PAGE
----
The big question is which discipline to do, since the gear is different. Here are some thoughts to help you decide.

Where are you likely to ski most? Google “Cross country ski near me” to find out and look into the type of skiing they offer. If the local ski trails are mostly groomed for classic skiing, then you might want to choose that. Classic skiing is more versatile and you can easily ski “off trail” or even from your hosue depending on where you live. If you don’t have “Machine groomed trails” to ski on, you will want to get a wider pair of skis, capable of handling the deep snow.

If you live somewhere with both classic and skate skiing, then I would recommend skate. You can go a lot faster and you can get your heart rate a lot higher. Skate skiing is great cross training and injury prevention, since you use many muscles activated only in lateral motions.

-The technique for classic skiing at a basic level (just walking along on skis!) is easy to pick up, however, to get “good” takes many, many years. If you plan to ski once or twice a year, maybe classic is a good idea, but if you want to progress and ski fast, then skate skiing is the way to go! The first time on Skate skis will feel really hard, but it gets easier quickly and you can go for an easy ski. I promise it won’t be hard forever!

Try it! You should be able to go to a ski center, rent gear and even get a quick lesson to show you the basics. If you can’t decide between classic or skate, try both and see which one you like more. Or just go online and search “cross country ski how-to” and watch an instructional video about both techniques.

What to wear?

I like to wear pants for cross country skiing that are made of a windproof fabric in the front and a breathable, stretchy fabric in the rear. If it's really cold, I will wear “Windproof underwear” and an extra base layer.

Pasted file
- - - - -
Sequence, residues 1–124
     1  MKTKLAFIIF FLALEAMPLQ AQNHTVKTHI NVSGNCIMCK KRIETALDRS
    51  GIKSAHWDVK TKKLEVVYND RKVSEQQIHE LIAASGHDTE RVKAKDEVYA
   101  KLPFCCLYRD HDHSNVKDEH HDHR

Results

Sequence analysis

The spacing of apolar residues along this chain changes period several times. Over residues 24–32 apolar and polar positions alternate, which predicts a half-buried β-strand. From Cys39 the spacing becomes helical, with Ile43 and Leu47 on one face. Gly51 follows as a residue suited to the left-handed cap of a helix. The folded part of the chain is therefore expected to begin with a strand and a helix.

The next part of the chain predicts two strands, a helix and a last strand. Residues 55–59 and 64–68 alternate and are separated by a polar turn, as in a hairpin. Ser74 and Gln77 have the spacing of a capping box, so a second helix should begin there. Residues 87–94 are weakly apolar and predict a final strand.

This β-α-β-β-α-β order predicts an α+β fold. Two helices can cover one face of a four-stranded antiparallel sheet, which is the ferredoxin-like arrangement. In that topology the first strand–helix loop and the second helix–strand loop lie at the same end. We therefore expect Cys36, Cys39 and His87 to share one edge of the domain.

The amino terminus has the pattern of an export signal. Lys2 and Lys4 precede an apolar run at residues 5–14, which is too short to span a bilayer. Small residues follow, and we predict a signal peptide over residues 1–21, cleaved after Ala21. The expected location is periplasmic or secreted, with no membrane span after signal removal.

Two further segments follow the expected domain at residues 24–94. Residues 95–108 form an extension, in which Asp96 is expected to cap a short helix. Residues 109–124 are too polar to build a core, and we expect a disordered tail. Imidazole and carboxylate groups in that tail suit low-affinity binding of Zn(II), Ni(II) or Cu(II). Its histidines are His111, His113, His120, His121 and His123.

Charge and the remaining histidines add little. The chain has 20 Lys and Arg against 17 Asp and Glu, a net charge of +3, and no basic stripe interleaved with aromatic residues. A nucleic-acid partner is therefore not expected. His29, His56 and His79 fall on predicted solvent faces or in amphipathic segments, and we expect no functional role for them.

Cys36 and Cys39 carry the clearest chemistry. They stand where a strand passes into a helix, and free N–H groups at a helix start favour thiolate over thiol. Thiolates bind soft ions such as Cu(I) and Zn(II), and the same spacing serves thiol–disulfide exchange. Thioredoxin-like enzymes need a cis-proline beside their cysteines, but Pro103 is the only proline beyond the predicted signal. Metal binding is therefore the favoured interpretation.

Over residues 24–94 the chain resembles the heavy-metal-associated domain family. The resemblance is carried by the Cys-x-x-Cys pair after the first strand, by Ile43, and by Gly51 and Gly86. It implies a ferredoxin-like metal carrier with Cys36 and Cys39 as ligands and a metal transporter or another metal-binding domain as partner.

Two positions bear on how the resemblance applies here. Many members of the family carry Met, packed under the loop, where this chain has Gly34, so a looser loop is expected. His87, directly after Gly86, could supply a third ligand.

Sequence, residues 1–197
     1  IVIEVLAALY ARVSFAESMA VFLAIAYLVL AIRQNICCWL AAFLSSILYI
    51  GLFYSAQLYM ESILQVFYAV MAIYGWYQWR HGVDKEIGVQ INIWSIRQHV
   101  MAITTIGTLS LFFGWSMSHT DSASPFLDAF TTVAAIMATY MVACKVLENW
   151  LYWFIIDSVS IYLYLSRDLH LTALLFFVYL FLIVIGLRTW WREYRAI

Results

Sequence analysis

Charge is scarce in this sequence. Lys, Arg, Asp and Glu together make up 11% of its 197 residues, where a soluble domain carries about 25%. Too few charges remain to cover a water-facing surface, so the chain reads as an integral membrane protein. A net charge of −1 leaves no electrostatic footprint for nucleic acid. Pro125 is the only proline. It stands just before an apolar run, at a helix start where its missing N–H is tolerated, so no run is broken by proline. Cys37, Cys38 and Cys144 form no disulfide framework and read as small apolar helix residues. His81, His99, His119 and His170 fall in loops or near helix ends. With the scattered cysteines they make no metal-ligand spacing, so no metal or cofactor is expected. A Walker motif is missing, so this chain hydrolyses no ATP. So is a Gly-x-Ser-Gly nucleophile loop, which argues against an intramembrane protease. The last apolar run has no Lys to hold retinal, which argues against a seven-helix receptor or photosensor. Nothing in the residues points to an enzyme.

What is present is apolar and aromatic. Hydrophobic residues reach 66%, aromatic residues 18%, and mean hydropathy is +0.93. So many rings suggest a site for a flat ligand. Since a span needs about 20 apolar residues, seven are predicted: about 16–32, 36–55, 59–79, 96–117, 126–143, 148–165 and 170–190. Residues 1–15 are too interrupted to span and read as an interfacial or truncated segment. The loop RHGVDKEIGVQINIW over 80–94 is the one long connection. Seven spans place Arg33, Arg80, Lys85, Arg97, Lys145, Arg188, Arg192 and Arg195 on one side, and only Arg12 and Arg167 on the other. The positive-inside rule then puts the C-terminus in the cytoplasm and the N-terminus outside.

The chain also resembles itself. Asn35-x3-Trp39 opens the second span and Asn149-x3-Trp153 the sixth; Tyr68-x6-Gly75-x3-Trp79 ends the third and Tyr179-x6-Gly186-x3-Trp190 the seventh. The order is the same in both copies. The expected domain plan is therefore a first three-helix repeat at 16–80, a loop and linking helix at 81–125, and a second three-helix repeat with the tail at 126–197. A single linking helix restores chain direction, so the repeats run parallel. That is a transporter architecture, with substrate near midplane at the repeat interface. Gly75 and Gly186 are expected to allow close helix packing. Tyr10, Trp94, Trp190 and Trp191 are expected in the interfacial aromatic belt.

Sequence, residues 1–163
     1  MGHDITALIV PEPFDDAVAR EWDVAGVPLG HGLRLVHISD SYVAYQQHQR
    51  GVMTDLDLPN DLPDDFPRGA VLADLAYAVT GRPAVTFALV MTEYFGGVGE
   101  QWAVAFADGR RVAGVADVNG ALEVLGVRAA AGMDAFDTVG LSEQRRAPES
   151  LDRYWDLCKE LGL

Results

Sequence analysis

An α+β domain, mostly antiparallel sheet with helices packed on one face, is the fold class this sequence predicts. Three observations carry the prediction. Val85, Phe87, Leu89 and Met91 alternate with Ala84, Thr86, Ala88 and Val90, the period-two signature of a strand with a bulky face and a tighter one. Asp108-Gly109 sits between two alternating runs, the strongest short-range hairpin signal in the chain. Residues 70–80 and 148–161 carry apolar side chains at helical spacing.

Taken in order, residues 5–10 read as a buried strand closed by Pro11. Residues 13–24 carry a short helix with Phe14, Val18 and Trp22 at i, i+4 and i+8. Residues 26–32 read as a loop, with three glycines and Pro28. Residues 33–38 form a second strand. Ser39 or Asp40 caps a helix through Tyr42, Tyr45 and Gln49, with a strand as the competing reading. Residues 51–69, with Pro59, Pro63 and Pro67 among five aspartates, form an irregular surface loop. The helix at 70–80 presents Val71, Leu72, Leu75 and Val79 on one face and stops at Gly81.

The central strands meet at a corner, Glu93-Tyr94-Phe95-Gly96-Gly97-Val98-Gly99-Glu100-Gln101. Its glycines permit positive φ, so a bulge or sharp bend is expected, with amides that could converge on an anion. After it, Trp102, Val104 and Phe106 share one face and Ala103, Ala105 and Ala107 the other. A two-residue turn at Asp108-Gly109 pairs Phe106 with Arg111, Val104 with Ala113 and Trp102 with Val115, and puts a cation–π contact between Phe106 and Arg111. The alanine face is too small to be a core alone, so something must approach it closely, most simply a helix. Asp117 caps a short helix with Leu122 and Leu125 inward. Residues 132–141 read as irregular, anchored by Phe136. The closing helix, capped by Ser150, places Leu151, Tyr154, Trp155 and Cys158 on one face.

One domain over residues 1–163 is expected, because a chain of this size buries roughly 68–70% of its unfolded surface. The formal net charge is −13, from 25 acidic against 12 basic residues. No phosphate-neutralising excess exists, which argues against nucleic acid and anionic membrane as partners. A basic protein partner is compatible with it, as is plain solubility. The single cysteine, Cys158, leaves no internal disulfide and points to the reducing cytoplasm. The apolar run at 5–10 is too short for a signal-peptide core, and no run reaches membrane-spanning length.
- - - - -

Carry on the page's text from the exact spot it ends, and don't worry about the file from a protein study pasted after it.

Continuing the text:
Up top, a Jacket for cross country skiing should keep you warm. Something with good mobility in the arms and lots of breathable panels under the arms and on the back, to let some of the heat/sweat escape. Sunglasses, a neck warmer and a hat complete the look. I will layer more clothes if it's really cold (below -10F), but you will be surprised about how little you can wear. Since you are making so much body heat, the amount of clothing is pretty low. Make sure you don’t wear a heavy downhill ski jacket or ski pants. You will overheat and have trouble moving. A pair of mid-weight gloves should do for most conditions. If you suffer from cold hands, try a pair of “Lobster” gloves. These gloves group your fingers together like Spock from Star Trek, to add some warmth. If your feet are notoriously cold, try slightly thicker wool socks otherwise a medium weight sock gives you the warmth and comfort needed for a good fit and good day on snow. I don’t like skiing with toe warmers, but that might be a good option for you.

Skiing and training

So, once you have it figured out, how do you substitute or add in training on skis? Well, a lot of the concepts that you use for to train for biking and running are the same for cross country skiing! I love doing hill repeats on the skis or using the terrain to do fartlek style training. One of my favorite workouts is to pick a rolling/hilly track at least 5 km long and go hard for 1 minute then ski easy for 1 minute. I repeat for an hour. Another good one is to just “double pole” for 2 minutes then switch to “legs only” for 2 minutes. Skiing with only poles or only your legs is a great way to practice your technique and give you muscles a little break while you switch it up. Most importantly remember, this is a new sport, have fun with it.

Get out and ski!

 Skiing is a great sport if you live somewhere with snow. Do a little research and get out there. Gliding along silently in a beautiful forest with nothing but the crunch of snow and your rhythmic breath is unlike any other feeling in the world. Enjoy!